Rockhead's Paradise was a night club in Montreal, Canada, the first in the city to be owned by a black businessman. From circa 1931 until its demise in 1977, Rockhead's, as it was known locally, featured singers, dancers, comedians, and other African-American entertainers, mostly brought in from the United States; they were accompanied on stage by a house band of local black musicians. The three-story building also housed a street-level bar where jazz musicians, mostly local, performed, and a tavern.
In 1928, Rufus Rockhead, a Jamaican-born immigrant, First World War veteran, and former railroad porter, bought the building at 1258 St.Antoine Street West, corner of Mountain street. The three-story building initially housed hotel rooms on the top floor. In 1931, Rockhead converted the second and third floors into a cabaret-style night club and managed to obtain a liquor licence from the Quebec provincial authorities, a ground-breaking achievement for a black businessman at the time.
The club became famous for the high quality of its all-black stage shows and the hospitality of its owner, who greeted patrons individually at the top of the stairs. Famous African-American musicians and entertainers, including Duke Ellington, Louis Armstrong, Cab Calloway, Billie Holiday, and Ella Fitzgerald, often frequented the club after finishing their engagements elsewhere in the city, and sometimes performed impromptu on stage with the house band. In the 1940s, the club was known for some of Montreal's first performances by so-called female impersonators, featuring performers such as Dick Montgomery, Malva Bolda, and Billie McAllister.
The club was located in Little Burgundy, a mainly black, inner-city residential neighbourhood where several Canadian jazz musicians grew up, notably Oscar Peterson and Oliver Jones. While the club was popular with both black and white patrons, some white Canadians felt that it “jeopardized white Canadians’ morality and white womanhood in particular,”. Rockhead was also known for encouraging younger local musicians, some of whom became members of the house band and/or played in his street-level bar/ jazz club.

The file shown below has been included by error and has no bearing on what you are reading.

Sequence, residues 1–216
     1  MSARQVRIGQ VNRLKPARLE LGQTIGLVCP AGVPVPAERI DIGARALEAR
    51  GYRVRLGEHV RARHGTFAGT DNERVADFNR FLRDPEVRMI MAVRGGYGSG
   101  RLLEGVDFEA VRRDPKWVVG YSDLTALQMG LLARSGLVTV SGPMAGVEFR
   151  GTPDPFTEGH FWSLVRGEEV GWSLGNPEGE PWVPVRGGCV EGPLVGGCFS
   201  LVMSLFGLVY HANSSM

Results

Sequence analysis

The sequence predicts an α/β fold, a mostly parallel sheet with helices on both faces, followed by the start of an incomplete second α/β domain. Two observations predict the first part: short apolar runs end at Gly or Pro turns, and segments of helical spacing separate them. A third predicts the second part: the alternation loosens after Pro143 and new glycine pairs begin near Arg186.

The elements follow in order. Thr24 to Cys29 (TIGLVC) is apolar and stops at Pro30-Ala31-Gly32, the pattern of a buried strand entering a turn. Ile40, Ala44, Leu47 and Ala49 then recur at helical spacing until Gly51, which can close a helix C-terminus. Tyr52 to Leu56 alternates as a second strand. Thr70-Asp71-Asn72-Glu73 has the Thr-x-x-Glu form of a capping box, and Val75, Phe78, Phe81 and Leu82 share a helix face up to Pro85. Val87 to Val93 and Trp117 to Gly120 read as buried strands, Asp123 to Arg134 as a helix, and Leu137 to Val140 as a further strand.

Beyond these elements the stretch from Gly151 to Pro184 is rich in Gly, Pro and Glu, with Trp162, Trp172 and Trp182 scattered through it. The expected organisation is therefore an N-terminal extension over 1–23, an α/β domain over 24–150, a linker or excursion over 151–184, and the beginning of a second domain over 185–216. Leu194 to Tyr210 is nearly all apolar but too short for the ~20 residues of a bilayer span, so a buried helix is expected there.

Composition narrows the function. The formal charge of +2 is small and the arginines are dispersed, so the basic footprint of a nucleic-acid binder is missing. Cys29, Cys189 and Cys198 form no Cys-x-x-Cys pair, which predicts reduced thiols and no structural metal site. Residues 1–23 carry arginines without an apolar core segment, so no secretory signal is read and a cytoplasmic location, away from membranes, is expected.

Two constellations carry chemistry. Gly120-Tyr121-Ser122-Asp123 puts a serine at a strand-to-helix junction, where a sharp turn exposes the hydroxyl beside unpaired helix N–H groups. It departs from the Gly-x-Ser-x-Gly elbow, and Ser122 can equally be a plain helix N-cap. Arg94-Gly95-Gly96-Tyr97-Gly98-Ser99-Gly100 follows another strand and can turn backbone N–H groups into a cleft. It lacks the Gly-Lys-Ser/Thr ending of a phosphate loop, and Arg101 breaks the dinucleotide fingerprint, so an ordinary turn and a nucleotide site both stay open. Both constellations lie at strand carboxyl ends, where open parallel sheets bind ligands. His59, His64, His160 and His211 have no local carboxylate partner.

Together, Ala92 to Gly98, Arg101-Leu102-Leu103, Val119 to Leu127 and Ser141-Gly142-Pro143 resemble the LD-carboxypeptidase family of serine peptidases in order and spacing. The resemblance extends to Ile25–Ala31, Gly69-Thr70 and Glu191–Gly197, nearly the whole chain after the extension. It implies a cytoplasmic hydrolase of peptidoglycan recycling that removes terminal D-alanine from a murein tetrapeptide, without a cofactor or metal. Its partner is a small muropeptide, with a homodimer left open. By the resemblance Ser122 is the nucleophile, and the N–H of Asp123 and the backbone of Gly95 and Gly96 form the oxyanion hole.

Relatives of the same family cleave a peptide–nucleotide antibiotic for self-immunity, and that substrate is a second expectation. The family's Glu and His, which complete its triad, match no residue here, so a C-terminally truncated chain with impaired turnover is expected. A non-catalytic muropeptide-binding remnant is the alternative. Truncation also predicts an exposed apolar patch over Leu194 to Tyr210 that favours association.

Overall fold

In 1975 Rockhead suffered a stroke. Two years later his son Kenny Rockhead sold the club to Roué Doudou Boicel, who moved his jazz and blues nightclub The Rising Sun there from its original home on Sainte-Catherine Street West. The move proved unsuccessful, and The Rising Sun subsequently moved back to its original home. The building was later resold and demolished, a victim of gentrification.
Rufus Rockhead died in a Montreal veteran's hospital in 1981.
In 1989, Rufus Rockhead was memorialized by the city of Montreal with a street named in his honor.
In 2012, Montreal pianist Billy Georgette organized “Rockhead’s Last Jam” in honour of the club and its owner. The jam session included Oliver Jones, Norman Marshall Villeneuve, Leroy Mason, Glenn Bradley and Richard Parris.
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- Mathieu, Sarah-Jane (2010). North of the Color Line: Migration and Black Resistance in Canada,1870-1955. USA: North Carolina UP. p. 6.
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- "Commission de toponymie du Québec". Retrieved June 7, 2018.